jbonneau at gmail.com
Sun Mar 1 00:15:21 PST 2015
On Sat, Feb 28, 2015 at 11:46 AM, Trevor Perrin <trevp at trevp.net> wrote:
> On Fri, Feb 27, 2015 at 7:26 AM, Daniel Kahn Gillmor
> <dkg at fifthhorseman.net> wrote:
> > On Fri 2015-02-27 04:50:19 -0500, Nadim Kobeissi wrote:
> >> On Thu, Feb 26, 2015 at 11:55 PM, Daniel Kahn Gillmor <
> dkg at fifthhorseman.net> wrote:
> >>> I agree that this part of the peerio/minilock approach is pretty
> >>> disconcerting, and not just because it goes against years of practice
> >>> and convention. it opens an obvious hole (offline dictionary attacks
> >>> for high-value key material) and i'd love to see some more analysis of
> >>> the underlying tradeoffs involved.
> >> My understanding is that any search would be currently simply too
> > I'm glad to hear that. Do you have pointers to details of your
> > analysis? I'd love to read those thoughts.
> I echo dkg - I'd really like to see more analysis, it's not obvious
> the attack cost is that high.
> Back of envelope:
> The peerio scrypt parameters (N=2^14, r=8) have been estimated to take
> < 100 milliseconds on a single core of a 2009 Intel processor .
> Assuming I can rent cores at ~$0.04/hr  = $1/day, that means:
> - about $1 per 2^20 (~1 million) guesses
> - about $1K per 2^30 guesses
> - about $1M per 2^40 guesses
> How much entropy is in peerio passphrases? The tutorial video 
> suggests choosing a sentence "that is unique to you, like moments
> shared with friends, or childhood memories", and gives a couple
> "My mother makes the best cheesecake." (36 chars)
> "Waffles the cat had blue eyes" (29 chars)
> You'll find various estimates for entropy-per-English character, but 1
> to 1.5 bits per character seems common . This is very crude, but
> that would put sentences like above in the 30-50 bit range. So it
> seems plausible that a million-dollar 2^40 attacker might have a good
> chance of success targeting a single account.
> (I guess the zxcvbn password-strength-checker is estimating these as
> >100 bits entropy? That seems high. Maybe zxcvbn is tuned for
> passwords, not sentences?).
There are some serious problems with this type of analysis and I would like
to permanently retire it from discussions about security.
Problem 1: Shannon entropy is not (and was never intended to be) a measure
of how difficult it is to guess something (ie search for an unknown item by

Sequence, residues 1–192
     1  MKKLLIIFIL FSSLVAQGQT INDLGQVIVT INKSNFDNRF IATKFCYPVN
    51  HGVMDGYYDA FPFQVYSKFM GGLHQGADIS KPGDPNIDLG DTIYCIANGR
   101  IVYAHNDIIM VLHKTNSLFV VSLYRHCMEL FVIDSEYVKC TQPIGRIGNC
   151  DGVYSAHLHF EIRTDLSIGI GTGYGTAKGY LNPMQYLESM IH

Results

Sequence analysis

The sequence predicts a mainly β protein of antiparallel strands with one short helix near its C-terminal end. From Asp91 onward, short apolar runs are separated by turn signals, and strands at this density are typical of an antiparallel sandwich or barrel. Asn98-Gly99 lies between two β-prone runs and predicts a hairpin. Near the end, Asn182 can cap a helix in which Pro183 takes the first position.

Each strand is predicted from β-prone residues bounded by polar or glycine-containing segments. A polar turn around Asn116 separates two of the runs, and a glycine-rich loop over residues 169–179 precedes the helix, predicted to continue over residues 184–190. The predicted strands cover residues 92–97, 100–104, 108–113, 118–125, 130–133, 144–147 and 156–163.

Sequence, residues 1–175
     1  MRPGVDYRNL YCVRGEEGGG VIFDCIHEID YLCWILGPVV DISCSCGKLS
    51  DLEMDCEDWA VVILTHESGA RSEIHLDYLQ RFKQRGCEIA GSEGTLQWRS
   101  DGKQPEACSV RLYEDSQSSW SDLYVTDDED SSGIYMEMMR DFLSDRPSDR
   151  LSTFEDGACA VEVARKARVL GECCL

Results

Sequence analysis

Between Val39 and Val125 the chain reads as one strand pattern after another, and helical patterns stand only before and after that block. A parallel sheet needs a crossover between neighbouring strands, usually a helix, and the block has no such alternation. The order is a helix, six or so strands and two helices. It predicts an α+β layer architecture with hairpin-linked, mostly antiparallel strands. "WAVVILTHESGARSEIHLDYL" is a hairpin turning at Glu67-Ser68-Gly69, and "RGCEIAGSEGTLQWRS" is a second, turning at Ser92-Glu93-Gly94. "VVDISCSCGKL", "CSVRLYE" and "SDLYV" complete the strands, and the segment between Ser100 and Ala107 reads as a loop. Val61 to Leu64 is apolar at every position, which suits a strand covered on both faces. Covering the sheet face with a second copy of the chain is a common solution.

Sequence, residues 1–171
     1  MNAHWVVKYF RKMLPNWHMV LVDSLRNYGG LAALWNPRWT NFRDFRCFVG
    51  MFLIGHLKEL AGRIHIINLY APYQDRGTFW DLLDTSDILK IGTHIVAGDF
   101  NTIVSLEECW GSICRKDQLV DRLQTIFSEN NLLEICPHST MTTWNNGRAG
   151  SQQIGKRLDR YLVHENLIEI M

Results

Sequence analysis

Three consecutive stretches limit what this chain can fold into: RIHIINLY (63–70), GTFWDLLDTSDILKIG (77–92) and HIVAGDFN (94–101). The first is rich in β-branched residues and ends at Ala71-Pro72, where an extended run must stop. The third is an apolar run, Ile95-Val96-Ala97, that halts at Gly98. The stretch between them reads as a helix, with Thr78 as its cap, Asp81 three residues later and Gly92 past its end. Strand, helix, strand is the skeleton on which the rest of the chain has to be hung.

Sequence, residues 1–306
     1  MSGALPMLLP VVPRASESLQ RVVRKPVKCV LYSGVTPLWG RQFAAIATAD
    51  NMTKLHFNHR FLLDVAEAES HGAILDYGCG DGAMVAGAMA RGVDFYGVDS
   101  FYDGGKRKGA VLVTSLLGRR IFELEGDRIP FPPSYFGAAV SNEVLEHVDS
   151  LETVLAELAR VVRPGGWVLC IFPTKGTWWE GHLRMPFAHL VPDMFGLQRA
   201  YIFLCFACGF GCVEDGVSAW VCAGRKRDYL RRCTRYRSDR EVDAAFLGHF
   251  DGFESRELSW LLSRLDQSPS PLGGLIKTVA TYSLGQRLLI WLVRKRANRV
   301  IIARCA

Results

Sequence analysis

individual queries). It is a measure of how much something can be
compressed and is an average-case metric.
Problem 2: The estimate of 1.5 bits of Shannon Entropy per character in
English estimate is useless for security purposes. There are a few places
these estimates come from: (a) Shannon's original 1950 paper which used an
8-character Markov model with inadequate statistical support (although it
was an admiral effort for the pre-computer era) or (b) modern experiments
where people compress English text with generic compression schemes. 1.5
bits comes from PPM. These are both character-based approaches which don't
leverage any NLP to look at word-level and sentence-level influences, for
example the existence of proper English grammar or even bigram patterns
like the fact that speakers rarely use the word "inclement" before anything
but "weather." Essentially, forget these numbers.
Min-entropy is the simplest metric that is mathematically appropriate for
guessing and is a worst-case metric, which is usually what we want. In
addition to min-entropy there are more specific metrics for guessing
difficulty in my PhD thesis and 2012 IEEE Oakland paper, but the eseential
question to ask is pretty simple:
Assume an adversary will work hard to come up with a dictionary of
somewhere between 2^40 and 2^60 likely passphrases to try. What percentage
of users will pick something in that large set? I would expect a very
significant percentage will and the Peerio will burn these users.
The closest data point (and it's not perfect) is a 2006 Kuo et al. paper on
phrase-based mnemonic passwords. Users were asked to pick a phrase-based
password. With a dictionary of 400,000 phrases drawn from books, movie
titles, etc. they cracked 4% of users in that study. This was a very
limited effort of course and we don't know exactly how to build a
dictionary of even 2^40 sentences to this purpose so we don't know what
percent can be expected to fall. With a gun to my head I would estimate
25-50%. Again, this has (to my knowledge) never been publicly tested.
The bottom line is: Peerio's security model is based on a critical and
completely untested assumption about how users will pick passphrases. Nadim
seems to suggest "if there is evidence that this isn't secure, Peerio will
change it". I would turn the onus around and say that there is no example
that I know of of a human-chosen distribution of secrets under any
conditions resisting serious attack at a rate acceptable for a widespread
tool. Given the utter lack of evidence Peerio's approach will be secure, I
think getting behind this security model is a mistake.
Personally I would advocate focusing on training users to memorize
machine-chosen 60-70 bit passwords, strengthen them to 80-90 bits and then
worry about all the other ways users can lose their passwords.
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